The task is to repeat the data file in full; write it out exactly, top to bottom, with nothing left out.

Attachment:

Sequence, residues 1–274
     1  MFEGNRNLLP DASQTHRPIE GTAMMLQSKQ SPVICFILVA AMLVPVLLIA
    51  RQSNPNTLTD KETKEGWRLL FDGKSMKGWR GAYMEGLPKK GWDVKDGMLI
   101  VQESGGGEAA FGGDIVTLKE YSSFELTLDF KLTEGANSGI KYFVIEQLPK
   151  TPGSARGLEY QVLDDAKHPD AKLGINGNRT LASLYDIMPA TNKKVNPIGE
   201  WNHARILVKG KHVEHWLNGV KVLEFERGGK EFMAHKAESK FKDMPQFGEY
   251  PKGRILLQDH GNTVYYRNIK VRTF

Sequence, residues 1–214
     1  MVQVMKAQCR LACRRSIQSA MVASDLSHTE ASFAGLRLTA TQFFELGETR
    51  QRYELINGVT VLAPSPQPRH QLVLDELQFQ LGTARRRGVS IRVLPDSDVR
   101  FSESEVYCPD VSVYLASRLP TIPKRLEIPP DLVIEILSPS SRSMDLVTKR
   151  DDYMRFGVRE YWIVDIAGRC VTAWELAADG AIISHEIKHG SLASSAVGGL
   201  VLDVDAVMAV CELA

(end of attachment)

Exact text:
Sequence, residues 1–274
     1  MFEGNRNLLP DASQTHRPIE GTAMMLQSKQ SPVICFILVA AMLVPVLLIA
    51  RQSNPNTLTD KETKEGWRLL FDGKSMKGWR GAYMEGLPKK GWDVKDGMLI
   101  VQESGGGEAA FGGDIVTLKE YSSFELTLDF KLTEGANSGI KYFVIEQLPK
   151  TPGSARGLEY QVLDDAKHPD AKLGINGNRT LASLYDIMPA TNKKVNPIGE
   201  WNHARILVKG KHVEHWLNGV KVLEFERGGK EFMAHKAESK FKDMPQFGEY
   251  PKGRILLQDH GNTVYYRNIK VRTF

Sequence, residues 1–214
     1  MVQVMKAQCR LACRRSIQSA MVASDLSHTE ASFAGLRLTA TQFFELGETR
    51  QRYELINGVT VLAPSPQPRH QLVLDELQFQ LGTARRRGVS IRVLPDSDVR
   101  FSESEVYCPD VSVYLASRLP TIPKRLEIPP DLVIEILSPS SRSMDLVTKR
   151  DDYMRFGVRE YWIVDIAGRC VTAWELAADG AIISHEIKHG SLASSAVGGL
   201  VLDVDAVMAV CELA